Chances are, despite all of your best hygienic efforts, you will get sick at some point. This article is a resource for anyone who uses a CPAP machine and struggles with a cold at the same time. Getting a good night’s sleep can become a daunting task when dealing with a head cold and is only amplified for those suffering from Sleep Apnea.
Combine those two things with trying to use your CPAP machine, and you may be tempted to double up your dosage of nightly cold medicine.
Of course, the severity of your Sleep Apnea can make a difference, so it’s always best to check with your doctor before using your CPAP machine when you’re sick. Here, we have a handful of tips, tricks and other solutions you can try as you nurse yourself back to health:
Should You Stop Using Your CPAP Machine if You Have a Cold?
If you have a cold, it’s a good idea to try to continue your CPAP therapy, if you can. Having a cold will make you tired, and if you’re also feeling tired from not treating your Sleep Apnea, you’re not going to have much energy. If you continue CPAP therapy, you may be able to keep your Sleep Apnea symptoms in check, giving you more energy to fight the cold.
In the next section, we’ll be discussing other strategies that can help you CPAP with a cold.
How to Use CPAP With a Cold
If you’re trying to stick it out and CPAP with a cold, there are a couple of things you can do it make it easier on you. Here are some tips that may help.
Sleep on your side or elevate your head.
If you’re wondering how to use CPAP with a cold, try changing your sleeping position. Sleeping on your back can often make congestion worse. Try sleeping on your side — there are even specific pillows available for side sleepers who wear CPAP face masks.
If you find that you are strictly a back sleeper, use extra pillows to elevate your head to allow the mucus to drain, rather than stuff you up.
Sleeping on your side uses gravity to help open the airway naturally using gravity. This means your CPAP machine doesn’t have to work as hard to open your airway and can mean a lower AHI. If you are trying to CPAP with a cold, sleeping on your side may help.
Use a heated humidifier.
Heated humidifiers work by restoring moisture levels to mucous membranes and nasal passages, alleviating the extreme discomfort that goes along with a congested upper respiratory system.
Heated humidifiers help those who are struggling not only with a head cold, but they also make the CPAP therapy experience exceptionally more pleasant for those suffering from allergies, dry nose, and other nasal issues. Use a heated humidifier at night and your nasal passages will thank you.
Use a decongestant and nasal spray.
This probably seems obvious, but there are plenty of over-the-counter nasal sprays that clear congestion caused by the common cold or flu. Another way to CPAP with a cold is to use a saline nasal rinse to clear your nasal passages prior to using your CPAP machine.
Just remember: if you choose to use an over-the-counter nasal spray, consult your physician first, especially if you suffer from high blood pressure. Certain medications, when combined with others, can have negative health effects.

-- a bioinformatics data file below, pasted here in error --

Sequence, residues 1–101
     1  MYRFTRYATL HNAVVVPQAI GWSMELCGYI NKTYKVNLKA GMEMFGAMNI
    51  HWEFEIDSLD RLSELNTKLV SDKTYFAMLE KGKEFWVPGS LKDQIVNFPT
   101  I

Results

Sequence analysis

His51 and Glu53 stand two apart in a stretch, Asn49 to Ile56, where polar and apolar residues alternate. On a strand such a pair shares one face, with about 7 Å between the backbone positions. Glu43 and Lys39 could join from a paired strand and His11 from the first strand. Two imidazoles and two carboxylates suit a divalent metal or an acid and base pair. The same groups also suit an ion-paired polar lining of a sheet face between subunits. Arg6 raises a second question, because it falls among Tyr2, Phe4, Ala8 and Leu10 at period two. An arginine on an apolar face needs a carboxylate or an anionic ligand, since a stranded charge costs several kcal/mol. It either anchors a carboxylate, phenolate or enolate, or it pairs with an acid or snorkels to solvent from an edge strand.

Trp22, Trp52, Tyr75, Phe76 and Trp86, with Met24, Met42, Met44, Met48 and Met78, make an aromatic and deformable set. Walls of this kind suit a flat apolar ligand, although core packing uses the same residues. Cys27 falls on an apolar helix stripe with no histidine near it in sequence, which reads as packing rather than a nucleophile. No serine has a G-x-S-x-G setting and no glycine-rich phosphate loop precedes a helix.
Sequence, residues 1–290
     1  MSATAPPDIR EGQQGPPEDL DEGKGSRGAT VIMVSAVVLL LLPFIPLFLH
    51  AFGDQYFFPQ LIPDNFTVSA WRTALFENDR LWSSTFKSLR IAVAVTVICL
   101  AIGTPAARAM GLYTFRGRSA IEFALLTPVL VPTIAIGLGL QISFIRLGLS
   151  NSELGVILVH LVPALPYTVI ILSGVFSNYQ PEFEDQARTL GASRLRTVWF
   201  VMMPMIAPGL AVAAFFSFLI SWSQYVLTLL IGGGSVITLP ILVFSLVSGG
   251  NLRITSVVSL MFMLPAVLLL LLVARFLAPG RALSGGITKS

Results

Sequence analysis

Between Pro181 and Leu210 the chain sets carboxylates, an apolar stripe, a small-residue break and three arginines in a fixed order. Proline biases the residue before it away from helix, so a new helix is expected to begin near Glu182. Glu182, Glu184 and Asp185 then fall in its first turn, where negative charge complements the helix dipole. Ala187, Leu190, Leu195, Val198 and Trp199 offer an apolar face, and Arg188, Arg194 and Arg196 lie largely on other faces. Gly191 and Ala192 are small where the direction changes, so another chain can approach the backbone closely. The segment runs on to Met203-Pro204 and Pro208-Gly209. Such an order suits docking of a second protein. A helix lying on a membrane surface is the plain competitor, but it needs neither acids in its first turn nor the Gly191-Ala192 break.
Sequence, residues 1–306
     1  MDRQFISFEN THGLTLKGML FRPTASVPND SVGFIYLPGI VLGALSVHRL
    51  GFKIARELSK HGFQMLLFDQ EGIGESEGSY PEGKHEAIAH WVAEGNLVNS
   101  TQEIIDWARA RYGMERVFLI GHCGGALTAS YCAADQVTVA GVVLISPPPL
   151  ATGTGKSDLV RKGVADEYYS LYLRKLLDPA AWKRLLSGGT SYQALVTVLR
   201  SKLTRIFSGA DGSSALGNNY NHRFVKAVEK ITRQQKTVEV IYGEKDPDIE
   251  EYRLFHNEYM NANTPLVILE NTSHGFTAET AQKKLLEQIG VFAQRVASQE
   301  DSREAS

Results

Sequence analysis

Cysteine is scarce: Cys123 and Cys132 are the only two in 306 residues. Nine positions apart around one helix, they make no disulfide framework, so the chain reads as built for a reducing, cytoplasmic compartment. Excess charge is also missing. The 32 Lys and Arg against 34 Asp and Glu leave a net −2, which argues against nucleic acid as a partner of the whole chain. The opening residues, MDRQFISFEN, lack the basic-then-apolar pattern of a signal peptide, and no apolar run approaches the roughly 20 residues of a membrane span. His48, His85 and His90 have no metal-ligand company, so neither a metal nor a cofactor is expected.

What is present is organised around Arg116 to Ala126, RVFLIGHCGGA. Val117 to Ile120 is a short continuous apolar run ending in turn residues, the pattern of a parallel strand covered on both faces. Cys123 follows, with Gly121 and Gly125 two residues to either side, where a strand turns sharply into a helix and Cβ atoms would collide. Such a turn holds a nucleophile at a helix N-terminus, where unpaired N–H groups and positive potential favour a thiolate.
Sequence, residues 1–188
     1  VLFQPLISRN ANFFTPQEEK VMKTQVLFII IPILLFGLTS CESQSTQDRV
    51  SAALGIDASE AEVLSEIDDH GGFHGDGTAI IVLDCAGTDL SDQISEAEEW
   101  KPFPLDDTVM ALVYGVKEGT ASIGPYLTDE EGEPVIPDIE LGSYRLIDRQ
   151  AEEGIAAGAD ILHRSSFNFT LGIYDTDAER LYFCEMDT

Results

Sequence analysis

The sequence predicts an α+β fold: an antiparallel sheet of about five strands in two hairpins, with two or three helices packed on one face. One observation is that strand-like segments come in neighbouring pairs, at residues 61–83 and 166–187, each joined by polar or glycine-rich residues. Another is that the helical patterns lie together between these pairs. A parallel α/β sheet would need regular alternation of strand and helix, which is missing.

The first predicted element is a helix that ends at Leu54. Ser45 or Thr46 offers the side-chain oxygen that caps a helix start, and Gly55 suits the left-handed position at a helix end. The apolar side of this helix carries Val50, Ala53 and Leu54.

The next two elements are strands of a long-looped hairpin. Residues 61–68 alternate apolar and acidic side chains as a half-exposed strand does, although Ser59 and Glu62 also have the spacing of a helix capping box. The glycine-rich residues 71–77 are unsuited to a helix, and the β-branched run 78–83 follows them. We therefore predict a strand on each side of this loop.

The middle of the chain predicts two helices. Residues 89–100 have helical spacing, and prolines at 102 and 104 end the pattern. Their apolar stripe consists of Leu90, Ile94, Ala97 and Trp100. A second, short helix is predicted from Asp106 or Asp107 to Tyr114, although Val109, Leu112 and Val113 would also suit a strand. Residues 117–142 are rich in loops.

Try an APAP machine.
The traditional CPAP machine provides a singular flow of therapeutic pressure through the respiratory system, whereas an APAP machine, known as Auto Positive Airway Pressure (APAP), uses unique algorithms to provide continuous pressure at levels that are automatically regulated.
When using an APAP machine, the machine itself will adjust air pressure accordingly so all you have to do is sleep. When you are sick, the need for more or less pressure depends on how well you’re breathing, making an APAP machine your most suitable option.
If using a nasal mask, substitute it out for a full face CPAP mask.
Congestion can leave your nose out of commission, so using a full face CPAP mask is a great option, as it allows you to breathe through your mouth while you sleep. While the air pressure blowing through the nasal mask may open your nasal passages up enough, a full face CPAP mask may be your ideal solution.
Regular Cleaning Can Help Keep You from Getting Sick
Cleaning your CPAP equipment regularly can help stave off future infections. When you’re sick, germs populate in and around your mask, and as you start to get better, there’s a chance you can get reinfected. That’s why it’s important to follow a more rigorous cleaning schedule when you’re sick.
Ideally, you should clean your mask once daily when you’re sick. This is especially true if you have a nasal pillow mask, as the nasal pillow mask style makes a lot of contact with the nostrils. Regular cleaning can also stave off future infections by giving germs less chance to turn into something you’re not going to be immune to. It will help keep you healthier longer and make it easier to recover if you do get sick.
We hope you’ve found this article helpful as you try to adjust to CPAP with a cold. Find more solutions to common CPAP problems here.
Having a cold during the winter months is never fun, and adding CPAP therapy into the mix complicates things. With these tips, you can get a better night’s sleep and feel better in no time!
Daniela has researched and published over 60 articles covering topics that aim to inform and empower people living with Sleep Apnea. As an avid reader and researcher, Daniela continues to grow her knowledge about Sleep Apnea and CPAP therapy everyday with the help of coworkers, CPAP.com customers, and members of other CPAP communities online.